Co-Workers in God's Service: St. Francis of Assisi

By Wilson Hood
May 9, 2019 - 12:54pm

This Sunday, we continue our Eastertide theme of “Co-Workers in God’s Service” by exploring the life of a much-beloved figure of our faith, St. Francis of Assisi.

Even if you do not know the story or history of St. Francis, you may be familiar with some of the ways he continues to show up in our lives nearly 8 centuries after his death. Perhaps you’ve heard or read the beautiful Peace Prayer of St. Francis, or seen his face quietly smiling back at you from a neighbor’s garden or birdbath.

If you’re lucky, you may even have seen a rowdy group of our (sniffing, neighing, meowing, and barking) neighbors lined up outside of a sister faith community for a “Blessing of the Animals” service on October 4, the traditional feast day of St. Francis.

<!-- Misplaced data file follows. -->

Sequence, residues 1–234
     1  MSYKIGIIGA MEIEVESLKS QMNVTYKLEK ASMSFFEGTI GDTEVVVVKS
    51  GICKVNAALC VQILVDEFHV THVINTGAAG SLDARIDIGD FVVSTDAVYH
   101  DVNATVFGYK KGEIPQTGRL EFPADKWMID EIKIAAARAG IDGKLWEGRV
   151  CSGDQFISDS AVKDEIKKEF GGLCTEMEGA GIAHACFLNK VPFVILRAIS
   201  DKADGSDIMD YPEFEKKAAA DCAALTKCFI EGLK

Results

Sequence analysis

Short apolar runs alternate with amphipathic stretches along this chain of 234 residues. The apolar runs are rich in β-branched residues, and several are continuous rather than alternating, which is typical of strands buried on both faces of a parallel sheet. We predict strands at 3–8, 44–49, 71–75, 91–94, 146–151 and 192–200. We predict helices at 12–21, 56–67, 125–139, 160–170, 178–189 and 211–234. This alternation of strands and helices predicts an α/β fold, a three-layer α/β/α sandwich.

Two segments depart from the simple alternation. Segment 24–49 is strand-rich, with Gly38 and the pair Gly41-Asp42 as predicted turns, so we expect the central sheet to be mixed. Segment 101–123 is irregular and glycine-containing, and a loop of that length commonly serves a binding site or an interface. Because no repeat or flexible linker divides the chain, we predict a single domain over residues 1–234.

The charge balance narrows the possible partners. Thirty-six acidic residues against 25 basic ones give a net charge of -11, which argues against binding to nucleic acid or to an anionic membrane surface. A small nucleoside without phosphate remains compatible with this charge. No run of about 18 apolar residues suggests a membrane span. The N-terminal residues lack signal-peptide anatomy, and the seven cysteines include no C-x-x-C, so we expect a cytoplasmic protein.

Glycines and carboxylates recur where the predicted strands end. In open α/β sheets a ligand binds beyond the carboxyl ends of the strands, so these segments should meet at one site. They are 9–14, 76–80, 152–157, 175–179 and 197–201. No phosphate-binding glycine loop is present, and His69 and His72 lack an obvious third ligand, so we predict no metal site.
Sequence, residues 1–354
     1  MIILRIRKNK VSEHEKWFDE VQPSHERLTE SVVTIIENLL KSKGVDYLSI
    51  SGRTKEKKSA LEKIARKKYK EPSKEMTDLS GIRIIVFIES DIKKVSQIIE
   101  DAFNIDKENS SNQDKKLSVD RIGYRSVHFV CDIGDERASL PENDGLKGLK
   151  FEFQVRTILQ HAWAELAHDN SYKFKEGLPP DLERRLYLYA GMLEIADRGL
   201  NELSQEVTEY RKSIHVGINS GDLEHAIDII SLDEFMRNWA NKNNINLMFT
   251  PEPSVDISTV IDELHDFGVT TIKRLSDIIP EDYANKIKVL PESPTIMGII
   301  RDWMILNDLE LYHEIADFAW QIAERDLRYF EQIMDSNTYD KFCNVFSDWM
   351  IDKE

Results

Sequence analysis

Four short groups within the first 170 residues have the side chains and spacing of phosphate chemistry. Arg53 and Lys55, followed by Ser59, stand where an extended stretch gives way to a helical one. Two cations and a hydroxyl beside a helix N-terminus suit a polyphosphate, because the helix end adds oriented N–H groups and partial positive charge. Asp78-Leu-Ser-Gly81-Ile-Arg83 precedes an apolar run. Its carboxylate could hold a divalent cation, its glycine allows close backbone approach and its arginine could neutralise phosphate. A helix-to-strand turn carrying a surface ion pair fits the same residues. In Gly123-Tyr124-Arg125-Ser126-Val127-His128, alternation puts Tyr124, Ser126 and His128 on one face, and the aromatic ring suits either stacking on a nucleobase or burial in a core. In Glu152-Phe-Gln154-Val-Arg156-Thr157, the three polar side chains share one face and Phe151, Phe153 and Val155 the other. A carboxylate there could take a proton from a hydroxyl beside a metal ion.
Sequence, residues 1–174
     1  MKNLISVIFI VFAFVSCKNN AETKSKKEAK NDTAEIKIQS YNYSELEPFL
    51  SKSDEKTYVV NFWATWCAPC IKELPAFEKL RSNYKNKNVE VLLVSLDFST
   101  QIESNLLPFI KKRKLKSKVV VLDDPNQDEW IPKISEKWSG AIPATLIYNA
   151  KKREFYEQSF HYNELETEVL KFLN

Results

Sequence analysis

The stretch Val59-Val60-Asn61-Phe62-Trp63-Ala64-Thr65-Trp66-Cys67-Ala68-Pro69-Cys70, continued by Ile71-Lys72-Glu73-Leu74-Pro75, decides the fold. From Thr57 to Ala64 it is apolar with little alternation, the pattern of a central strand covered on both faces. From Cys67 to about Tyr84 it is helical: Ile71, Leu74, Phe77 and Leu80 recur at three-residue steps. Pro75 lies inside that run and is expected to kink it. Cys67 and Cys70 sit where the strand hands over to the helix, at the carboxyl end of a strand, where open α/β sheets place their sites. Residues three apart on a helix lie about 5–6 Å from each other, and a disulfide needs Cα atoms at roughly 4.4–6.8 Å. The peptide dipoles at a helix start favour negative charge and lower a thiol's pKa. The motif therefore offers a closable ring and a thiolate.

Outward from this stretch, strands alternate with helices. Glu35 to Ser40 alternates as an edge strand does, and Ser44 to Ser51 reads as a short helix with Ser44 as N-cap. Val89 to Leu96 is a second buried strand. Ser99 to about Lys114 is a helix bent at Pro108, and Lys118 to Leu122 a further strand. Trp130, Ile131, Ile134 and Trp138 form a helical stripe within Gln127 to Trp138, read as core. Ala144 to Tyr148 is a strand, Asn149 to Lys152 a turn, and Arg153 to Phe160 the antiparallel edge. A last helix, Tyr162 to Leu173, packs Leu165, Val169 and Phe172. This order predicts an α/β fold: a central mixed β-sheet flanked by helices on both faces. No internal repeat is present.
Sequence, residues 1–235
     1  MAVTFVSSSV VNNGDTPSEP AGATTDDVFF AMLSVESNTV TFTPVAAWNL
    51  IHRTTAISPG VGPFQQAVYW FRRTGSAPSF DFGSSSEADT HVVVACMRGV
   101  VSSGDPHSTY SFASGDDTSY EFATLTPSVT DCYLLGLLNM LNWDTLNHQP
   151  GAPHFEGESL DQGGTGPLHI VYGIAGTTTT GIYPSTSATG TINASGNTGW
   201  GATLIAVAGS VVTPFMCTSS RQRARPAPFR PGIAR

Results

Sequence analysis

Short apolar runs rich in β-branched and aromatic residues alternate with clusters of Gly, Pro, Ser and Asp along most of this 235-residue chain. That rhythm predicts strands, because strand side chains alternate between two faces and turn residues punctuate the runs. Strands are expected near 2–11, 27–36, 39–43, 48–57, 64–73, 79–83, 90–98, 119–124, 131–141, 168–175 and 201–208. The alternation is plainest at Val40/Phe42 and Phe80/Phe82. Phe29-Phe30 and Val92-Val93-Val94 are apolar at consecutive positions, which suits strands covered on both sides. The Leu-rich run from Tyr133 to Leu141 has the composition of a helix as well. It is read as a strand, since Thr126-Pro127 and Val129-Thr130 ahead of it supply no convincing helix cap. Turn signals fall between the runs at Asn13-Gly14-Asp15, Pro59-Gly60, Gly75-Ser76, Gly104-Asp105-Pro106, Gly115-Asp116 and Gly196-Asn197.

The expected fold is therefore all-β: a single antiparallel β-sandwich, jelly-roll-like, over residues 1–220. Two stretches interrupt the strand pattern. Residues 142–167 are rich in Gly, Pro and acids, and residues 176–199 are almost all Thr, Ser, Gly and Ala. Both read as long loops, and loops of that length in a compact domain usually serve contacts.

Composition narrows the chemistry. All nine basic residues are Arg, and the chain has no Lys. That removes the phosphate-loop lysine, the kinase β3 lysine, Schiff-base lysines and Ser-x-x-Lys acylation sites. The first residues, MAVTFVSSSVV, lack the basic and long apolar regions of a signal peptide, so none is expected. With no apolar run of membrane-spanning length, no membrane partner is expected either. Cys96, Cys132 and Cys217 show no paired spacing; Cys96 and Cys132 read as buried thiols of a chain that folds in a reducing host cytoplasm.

Countless folktales of St. Francis describe the loving care and compassion he extended toward all living beings, and many of the stories of his life describe his adventures with birds, crickets, bees, rabbit, and even a very hungry wolf. St. Francis was also known to refer to all parts of Creation– trees, rivers, even the sun and the moon– with the title “Brother” or “Sister,” as signs of respect and kinship with all that God had made.

Because of his deep love of the Earth and all of its inhabitants, St. Francis was named the Patron Saint of Ecology in 1979, and this association is also why we have so many of the animal-related traditions we carry on today in his name.

But who exactly is the man behind the garden statues and cheesy greeting cards, and what might his passionate attention to Creation teach us about our own faith journeys today? In the spirit of St. Francis and his passionate dedication to both the natural world and to the life and example of Christ, we will be revisiting Jesus’s own observation of the wonders of Creation in Matthew 6:25-30.

The adventure of our faith continues— I look forward to diving in with you on Sunday!


Image credit: Woodcut of St. Francis featured in the Houston Catholic Worker